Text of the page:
This week, chipmaker Intel Corp made several big moves involving such matters as pricing and corporate leadership.
For starters, the company is slashing the price of its high-end desktop chips in a further sign of intensifying competition from the resurgent Advanced Micro Devices.
According to industry publications, Intel is cutting prices of its latest i9 chips by $1,000, with the upcoming products pricing at $979. The i9 chips, slated to become available next month, are built on the company’s 14-nanometer technology. In recent quarters the company has logged strong performance of its PC business due largely to the sales of its high-end, and premium-priced, chips.
Intel has squeezed more performance out of the 14nm chips with a series of upgrades while the company works to get back on track with the regular cadence of shrinking chip size. The previous timeline in which smaller sizes were released every two years has been severely delayed between the 14nm and 10nm products.
The 10nm chips, named Ice Lake, have started shipping in premium laptops.
As Intel deals with manufacturing delays surrounding 10nm, rival chipmaker AMD has released its equivalent technology, manufactured by Taiwan Semiconductor Manufacturing Corp.
AMD is set to release a new version of its product, the Ryzen Threadripper, next month as well. Those chips are expected to be cheaper than Intel’s but still provide the computing needed for certain uses, according to reports. Just last month, an Intel executive noted that the manufacturing delays, which led to some 14nm chip shortages, did lead to some loss of market share.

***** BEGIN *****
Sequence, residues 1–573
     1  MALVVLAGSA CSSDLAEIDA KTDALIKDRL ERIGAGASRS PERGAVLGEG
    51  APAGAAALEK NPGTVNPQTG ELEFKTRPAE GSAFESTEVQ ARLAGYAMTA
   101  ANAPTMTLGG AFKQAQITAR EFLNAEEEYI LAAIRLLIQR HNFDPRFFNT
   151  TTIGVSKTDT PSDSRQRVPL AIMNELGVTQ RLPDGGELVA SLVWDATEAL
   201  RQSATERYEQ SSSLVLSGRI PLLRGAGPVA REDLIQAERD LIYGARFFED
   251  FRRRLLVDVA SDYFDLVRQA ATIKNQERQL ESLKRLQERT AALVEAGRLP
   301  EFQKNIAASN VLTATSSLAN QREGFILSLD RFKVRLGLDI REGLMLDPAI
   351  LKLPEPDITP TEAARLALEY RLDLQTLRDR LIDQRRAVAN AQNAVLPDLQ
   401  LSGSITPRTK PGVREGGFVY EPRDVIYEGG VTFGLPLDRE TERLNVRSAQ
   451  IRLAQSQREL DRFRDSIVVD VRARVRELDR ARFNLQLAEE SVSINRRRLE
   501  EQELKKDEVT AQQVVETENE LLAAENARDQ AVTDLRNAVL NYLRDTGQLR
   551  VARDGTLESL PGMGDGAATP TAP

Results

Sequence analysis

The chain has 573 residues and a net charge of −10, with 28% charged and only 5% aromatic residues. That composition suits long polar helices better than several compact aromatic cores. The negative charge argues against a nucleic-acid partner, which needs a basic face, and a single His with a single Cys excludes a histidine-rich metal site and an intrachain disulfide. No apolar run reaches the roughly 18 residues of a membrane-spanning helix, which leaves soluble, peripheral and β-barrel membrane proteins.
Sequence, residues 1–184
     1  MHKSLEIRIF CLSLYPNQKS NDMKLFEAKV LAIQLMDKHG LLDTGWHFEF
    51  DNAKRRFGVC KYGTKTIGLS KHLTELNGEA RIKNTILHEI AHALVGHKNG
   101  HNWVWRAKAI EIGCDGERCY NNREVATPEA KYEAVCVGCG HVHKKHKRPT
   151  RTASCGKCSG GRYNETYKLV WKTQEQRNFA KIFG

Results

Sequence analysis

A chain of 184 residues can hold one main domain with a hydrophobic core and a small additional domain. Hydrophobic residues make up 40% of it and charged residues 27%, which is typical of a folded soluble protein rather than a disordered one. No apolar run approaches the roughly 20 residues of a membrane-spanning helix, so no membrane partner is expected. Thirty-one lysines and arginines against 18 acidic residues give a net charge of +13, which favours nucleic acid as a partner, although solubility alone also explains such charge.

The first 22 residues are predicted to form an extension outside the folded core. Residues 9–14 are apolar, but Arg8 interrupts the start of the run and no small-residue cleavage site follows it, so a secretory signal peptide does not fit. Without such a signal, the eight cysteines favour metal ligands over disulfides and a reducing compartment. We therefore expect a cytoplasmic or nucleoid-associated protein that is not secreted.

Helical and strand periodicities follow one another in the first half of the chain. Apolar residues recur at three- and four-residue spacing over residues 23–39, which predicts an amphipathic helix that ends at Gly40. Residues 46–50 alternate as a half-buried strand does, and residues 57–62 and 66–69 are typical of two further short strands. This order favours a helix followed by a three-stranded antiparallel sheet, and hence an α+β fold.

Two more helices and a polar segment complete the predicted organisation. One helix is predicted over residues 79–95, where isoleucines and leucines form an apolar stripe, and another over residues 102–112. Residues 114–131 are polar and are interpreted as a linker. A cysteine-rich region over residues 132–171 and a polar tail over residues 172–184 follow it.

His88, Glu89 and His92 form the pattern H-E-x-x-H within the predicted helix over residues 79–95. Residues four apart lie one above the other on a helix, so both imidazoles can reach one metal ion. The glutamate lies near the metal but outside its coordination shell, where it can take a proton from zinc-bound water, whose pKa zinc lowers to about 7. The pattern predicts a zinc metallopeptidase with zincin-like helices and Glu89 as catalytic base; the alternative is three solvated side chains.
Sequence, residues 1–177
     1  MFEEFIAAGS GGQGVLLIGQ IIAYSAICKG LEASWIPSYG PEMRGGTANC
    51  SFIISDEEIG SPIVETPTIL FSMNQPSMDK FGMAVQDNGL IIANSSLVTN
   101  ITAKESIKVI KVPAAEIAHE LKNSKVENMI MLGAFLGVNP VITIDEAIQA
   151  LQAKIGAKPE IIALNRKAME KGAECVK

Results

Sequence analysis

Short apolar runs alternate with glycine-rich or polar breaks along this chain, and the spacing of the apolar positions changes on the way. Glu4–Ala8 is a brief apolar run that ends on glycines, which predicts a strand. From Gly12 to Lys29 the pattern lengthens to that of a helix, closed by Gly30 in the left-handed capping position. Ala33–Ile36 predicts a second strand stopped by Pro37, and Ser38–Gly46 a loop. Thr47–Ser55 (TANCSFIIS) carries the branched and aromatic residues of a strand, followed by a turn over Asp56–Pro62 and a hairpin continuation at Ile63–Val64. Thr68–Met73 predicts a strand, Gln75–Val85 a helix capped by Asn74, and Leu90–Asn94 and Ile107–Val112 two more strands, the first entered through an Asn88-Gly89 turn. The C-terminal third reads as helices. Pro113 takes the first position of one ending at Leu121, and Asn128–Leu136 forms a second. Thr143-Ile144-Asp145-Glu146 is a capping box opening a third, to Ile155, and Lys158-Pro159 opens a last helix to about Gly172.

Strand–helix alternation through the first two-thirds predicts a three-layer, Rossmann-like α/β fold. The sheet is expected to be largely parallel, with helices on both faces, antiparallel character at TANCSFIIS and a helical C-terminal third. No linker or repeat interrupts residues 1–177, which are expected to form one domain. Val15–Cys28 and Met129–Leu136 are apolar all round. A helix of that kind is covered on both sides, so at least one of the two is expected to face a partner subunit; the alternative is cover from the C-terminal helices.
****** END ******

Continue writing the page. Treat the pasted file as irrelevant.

“As we’ve gone through the supply issue kind of in the last six to 12 months on the PC side, we had to walk away from some low-end mobile share as well as some channel desktop share,” said Vice President Jason Grebe at the September Citi 2019 Global Technology Conference. “But as we continue to improve our supply situation, we’ll continue to get more aggressive there.”
Aside from pricing and competition, Intel also this week made several executive shifts. Notably, it filled its vacant chief marketing officer role snagging networking giant Cisco Systems CMO Karen Walker.
The company announced that longtime corporate treasurer Ravi Jacob is retiring after 35 years at Intel. Jacob is being replaced by Sharon Heck, who is being promoted to corporate vice president, treasurer and chief tax officer, the company said. Heck is a relative newcomer to the company. She joined Intel in 2018 from accounting firm PwC.